Thanks to retailers, the Christmas season started sooner than ever — and it’s happening in the garden, too! It’s incredible: The Yuletide camellias are blooming earlier, giving a clear signal the holiday season is here.
I am most certainly not a Yuletide camellia expert. (I even thought they were Camellia sasanquas; after all, that is what the tags say.) I have, however, been watching them for decades, and this is the earliest I have seen them bloom.
Yuletide is an award-winning favorite, bearing loads of red flowers coupled with bright yellow stamens. It is considered compact in form. Oddly, many that I see in landscapes want to develop naturally into a conical or Christmas tree shape. With a little selective hand pruning, this would not be hard to accomplish. However, if you prune harder, they develop a nice mounding shape.
Most suppliers, even those nationally recognized, tag them as Camellia sasanquas, but according to the International Camellia Society Registry, it is a chance seedling of Hiryu, a Camellia vernalis hybrid. This is really a no-brainer as Yuletide is an award-winning camellia that is perfect for the landscape or containers.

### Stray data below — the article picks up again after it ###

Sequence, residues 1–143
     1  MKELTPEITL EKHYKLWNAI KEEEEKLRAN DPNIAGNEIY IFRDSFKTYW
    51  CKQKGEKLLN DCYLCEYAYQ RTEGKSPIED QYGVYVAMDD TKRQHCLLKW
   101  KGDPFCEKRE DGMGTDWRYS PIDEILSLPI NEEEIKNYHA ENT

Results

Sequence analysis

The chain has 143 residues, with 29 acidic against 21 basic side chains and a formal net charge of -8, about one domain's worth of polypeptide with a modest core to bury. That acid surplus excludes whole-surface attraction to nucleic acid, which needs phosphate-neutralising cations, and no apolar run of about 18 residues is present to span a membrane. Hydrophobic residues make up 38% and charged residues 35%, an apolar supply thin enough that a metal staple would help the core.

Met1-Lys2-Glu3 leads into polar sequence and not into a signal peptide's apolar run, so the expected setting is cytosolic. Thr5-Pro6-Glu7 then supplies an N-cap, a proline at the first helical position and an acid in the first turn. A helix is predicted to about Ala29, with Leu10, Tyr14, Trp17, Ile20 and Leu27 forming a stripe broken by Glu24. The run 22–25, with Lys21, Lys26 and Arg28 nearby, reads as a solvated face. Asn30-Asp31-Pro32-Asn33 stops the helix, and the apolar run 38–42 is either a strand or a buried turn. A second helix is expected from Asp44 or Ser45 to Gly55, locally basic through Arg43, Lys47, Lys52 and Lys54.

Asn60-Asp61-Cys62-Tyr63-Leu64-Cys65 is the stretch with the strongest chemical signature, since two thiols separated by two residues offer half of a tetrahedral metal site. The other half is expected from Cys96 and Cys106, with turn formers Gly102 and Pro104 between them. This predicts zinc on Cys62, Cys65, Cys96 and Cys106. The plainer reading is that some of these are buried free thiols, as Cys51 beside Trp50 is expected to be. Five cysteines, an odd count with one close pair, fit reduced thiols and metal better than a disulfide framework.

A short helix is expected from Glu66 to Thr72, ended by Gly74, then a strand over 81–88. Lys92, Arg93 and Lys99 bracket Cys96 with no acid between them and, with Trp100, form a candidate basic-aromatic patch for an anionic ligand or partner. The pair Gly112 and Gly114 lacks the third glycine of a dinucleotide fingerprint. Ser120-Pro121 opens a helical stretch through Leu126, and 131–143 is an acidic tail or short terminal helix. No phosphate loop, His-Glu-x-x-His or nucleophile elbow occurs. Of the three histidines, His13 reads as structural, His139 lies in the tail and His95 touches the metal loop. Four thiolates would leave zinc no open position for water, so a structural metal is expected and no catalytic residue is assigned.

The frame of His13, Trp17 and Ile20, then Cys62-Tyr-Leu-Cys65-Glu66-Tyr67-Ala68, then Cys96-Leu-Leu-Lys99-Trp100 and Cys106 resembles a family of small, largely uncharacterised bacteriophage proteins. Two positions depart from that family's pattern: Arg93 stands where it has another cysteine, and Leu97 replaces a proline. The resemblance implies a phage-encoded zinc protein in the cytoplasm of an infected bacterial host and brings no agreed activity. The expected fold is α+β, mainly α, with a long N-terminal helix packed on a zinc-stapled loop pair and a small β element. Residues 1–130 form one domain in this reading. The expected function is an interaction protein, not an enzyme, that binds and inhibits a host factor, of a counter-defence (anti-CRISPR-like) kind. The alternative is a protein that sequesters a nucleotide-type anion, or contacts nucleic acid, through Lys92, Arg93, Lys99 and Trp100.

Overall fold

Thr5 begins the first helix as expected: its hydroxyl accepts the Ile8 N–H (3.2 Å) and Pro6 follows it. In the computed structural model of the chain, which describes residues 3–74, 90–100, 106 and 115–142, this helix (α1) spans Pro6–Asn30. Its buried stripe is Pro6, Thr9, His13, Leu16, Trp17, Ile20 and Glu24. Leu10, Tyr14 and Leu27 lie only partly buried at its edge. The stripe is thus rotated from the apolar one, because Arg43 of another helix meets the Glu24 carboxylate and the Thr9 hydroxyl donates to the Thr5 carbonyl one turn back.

Think about this as a Christmas plant that gives season after season. Yuletide is a plant that will bloom every year just in time for the holidays.
Shrubs such as the Yuletide camellia can be the real bones or foundation of the landscape, much like you would use a holly, viburnum or a ligustrum. They can lead us down a path or serve as the perfect backdrop for seasonal flowers.
Although we think of camellias for the high shade or filtered light garden, the Yuletide can tolerate quite a bit more sun. At the Coastal Georgia Botanical Garden, we have ours with a high canopy of pine and the picturesque castanopsis trees, with almost white bark. It is a most magical setting.
Like all camellias, they require fertile well-drained acidic soil. Yuletide is cold tolerant to zone 7, but is also great in containers that can be moved as needed for cold protection.
Fall is a great time to plant, and supplies of Yuletide and other camellias are normally at their highest now. Roots increase dramatically during the cool season, allowing the plant to really get acclimated and take off once growth resumes in the spring.
A word of warning: This one is sure to cause neighbor envy.
Norman Winter is director of the Coastal Georgia Botanical Gardens at the Historic Bamboo Farm, University of Georgia Cooperative Extension, and author of “Tough-as-Nails Flowers for the South” and “Captivating Combinations Color and Style in the Garden.”